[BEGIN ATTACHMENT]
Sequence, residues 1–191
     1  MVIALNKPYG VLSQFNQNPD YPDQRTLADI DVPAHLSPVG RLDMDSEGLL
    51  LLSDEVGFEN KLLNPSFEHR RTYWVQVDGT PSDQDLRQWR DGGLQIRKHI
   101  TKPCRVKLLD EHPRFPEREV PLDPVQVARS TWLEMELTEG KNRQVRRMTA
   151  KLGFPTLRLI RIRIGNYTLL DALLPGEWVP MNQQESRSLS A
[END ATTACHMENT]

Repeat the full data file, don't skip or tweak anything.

Sequence, residues 1–191
     1  MVIALNKPYG VLSQFNQNPD YPDQRTLADI DVPAHLSPVG RLDMDSEGLL
    51  LLSDEVGFEN KLLNPSFEHR RTYWVQVDGT PSDQDLRQWR DGGLQIRKHI
   101  TKPCRVKLLD EHPRFPEREV PLDPVQVARS TWLEMELTEG KNRQVRRMTA
   151  KLGFPTLRLI RIRIGNYTLL DALLPGEWVP MNQQESRSLS A